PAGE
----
Plantar heel pain is the most common presentation of musculoskeletal pain to most podiatrists in private practice. There is still much debate on the cause of pain and the term ‘plantar heel pain’ probably encompasses several diagnoses. For the sake of this blog post, we’ll focus primarily on what is commonly referred to as ‘plantar fasciitis’ or ‘plantar fasciopathy’. This presents with the classic post-rest pain (or post-static dyskinesia). Note – if the patient doesn’t have post-rest pain, I’d be considering other differentials. We know this condition affects more females than males, is more likely to occur in adults over 40 and is more likely in overweight or obese people.
If you’ve recommended custom foot orthotics be part of your treatment plan, are there prescription parameters you should consider? Whilst I’m strongly against a cookie-cutter or recipe type approach to treating any pathology, there are certainly some prescription parameters to consider for plantar fasciitis.
Before we get to those prescription parameters though, I think it’s important to take a step back and think about what the likely contributing factors are. In plantar fasciitis, I think there are a couple of key things which contribute to the development of this condition:
- Increased strain on the central band of the plantar fascia, and
- Increased ground reaction force on the heel.
We know that increased STJ pronation alone doesn’t lead to plantar fasciitis. If that was the case, then only people with a pronated foot type would develop this problem. We know that this problem can occur in any foot type – supinated, neutral or pronated (basic classifications, but you get the point!).
So if we need to look beyond the STJ as a mechanical explanation, what else could be contributing? Potentially what can occur is: either a forefoot valgus or STJ pronation leads to 1st ray dorsiflexion and inversion – this causes the midtarsal joint to supinate, eccentric contraction of flexor hallucis brevis and abductor hallucis and a lowering of the MLA – these can all increase the strain on the plantar fascia.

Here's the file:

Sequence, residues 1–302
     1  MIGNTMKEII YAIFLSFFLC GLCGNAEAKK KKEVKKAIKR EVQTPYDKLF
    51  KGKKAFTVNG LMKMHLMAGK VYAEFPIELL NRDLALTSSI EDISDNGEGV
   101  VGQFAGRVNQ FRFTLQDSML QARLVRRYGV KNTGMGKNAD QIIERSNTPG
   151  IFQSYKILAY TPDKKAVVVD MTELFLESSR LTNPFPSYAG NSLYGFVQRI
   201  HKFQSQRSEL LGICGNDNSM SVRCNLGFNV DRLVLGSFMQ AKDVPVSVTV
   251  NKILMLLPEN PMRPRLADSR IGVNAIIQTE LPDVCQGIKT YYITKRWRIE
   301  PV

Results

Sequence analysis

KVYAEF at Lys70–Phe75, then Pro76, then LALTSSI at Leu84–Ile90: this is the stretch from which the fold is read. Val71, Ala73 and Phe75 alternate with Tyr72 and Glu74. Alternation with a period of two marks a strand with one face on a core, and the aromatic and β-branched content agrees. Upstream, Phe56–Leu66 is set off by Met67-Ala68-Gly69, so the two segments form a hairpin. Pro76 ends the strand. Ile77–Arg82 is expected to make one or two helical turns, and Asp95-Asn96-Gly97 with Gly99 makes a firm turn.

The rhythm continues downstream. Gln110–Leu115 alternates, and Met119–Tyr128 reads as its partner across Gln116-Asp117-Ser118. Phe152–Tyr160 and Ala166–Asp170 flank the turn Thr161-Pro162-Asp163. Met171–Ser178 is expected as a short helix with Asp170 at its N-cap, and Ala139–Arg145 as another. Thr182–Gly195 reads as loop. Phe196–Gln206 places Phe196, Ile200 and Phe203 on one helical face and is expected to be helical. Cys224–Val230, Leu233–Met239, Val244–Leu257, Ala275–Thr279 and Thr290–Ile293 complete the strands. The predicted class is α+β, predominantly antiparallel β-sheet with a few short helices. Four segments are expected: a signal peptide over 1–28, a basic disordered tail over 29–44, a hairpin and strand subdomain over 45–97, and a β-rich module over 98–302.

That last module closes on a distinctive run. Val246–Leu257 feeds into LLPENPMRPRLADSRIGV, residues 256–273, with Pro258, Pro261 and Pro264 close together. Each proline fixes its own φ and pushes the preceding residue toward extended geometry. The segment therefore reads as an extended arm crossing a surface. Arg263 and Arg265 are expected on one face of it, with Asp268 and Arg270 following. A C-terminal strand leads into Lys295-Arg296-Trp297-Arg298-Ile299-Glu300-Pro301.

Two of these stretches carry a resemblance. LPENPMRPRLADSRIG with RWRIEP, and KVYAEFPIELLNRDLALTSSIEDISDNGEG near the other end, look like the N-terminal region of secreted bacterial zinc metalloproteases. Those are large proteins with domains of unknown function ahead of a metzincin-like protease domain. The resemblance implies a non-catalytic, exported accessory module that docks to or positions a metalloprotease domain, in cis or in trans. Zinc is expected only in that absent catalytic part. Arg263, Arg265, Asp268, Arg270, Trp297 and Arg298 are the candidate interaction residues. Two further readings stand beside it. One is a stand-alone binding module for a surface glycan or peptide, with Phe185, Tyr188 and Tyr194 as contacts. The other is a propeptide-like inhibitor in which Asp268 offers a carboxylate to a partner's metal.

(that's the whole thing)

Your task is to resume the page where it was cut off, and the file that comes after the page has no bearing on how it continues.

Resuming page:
In terms of treatment then, I think one of the best papers to give us a clue here, was Kogler’s 1999 cadaveric study. Kogler and colleagues took 9 cadaveric specimens and inserted load transducers into the plantar fascia. Each specimen had an axial load through the tibia of up to 900 Newtons exerted through it. 6-degree wedges were applied in different combinations under medial and lateral rearfoot and forefoot and the load was measured through the plantar fascia. It was found that wedge under the lateral forefoot (forefoot valgus wedge) significantly decreased load through the plantar fascia, whilst a wedge under the medial forefoot (forefoot varus wedge) significantly increased strain through the plantar fascia. Rearfoot wedging alone did not produce a significant change in plantar fascia strain.
When it comes to orthotic prescription then, what are some of the things you should consider?
How to take the impression:
- STJ in neutral with the MTJ fully pronated (reduce forefoot supinatus by plantarflexing the first ray). Capturing a forefoot valgus in the cast/scan provides a better outcome, rather than trying to ‘manufacture’ it in the design process!
Positive cast or CAD modifications:
- Pour vertical
- Plantar fascia accommodation (3-4mm), blended so as not to cause irritation on the medial or lateral margins of the accommodation
- Potentially a minimal arch fill design if the foot mechanics warrants it
- Accommodations for any fibromas or tears
- Avoid medial heel skives (this can increase ground reaction force at the medial calcaneal tubercle)
- Intrinsically post a forefoot valgus if captured in the cast/scan – this is critical!
- Semi-rigid material, appropriate for foot mechanics, patient size and activities
- Heel apertures and pads
- Deep heel cups (>16mm)
- Intrinsic forefoot valgus
- Potentially extrinsic forefoot valgus wedging
Whilst we recommend you consider these prescription variables when prescribing orthotics for plantar fasciitis, it’s important to remember not to take a cookie cutter type approach to dealing with any pathology and to treat the individual in front of you.
Kogler GF, et al. The influence of medial and lateral placement of orthotic wedges on loading of the plantar aponeurosis. J Bone Joint Surg Am. 1999 Oct; 81(10):1403-13.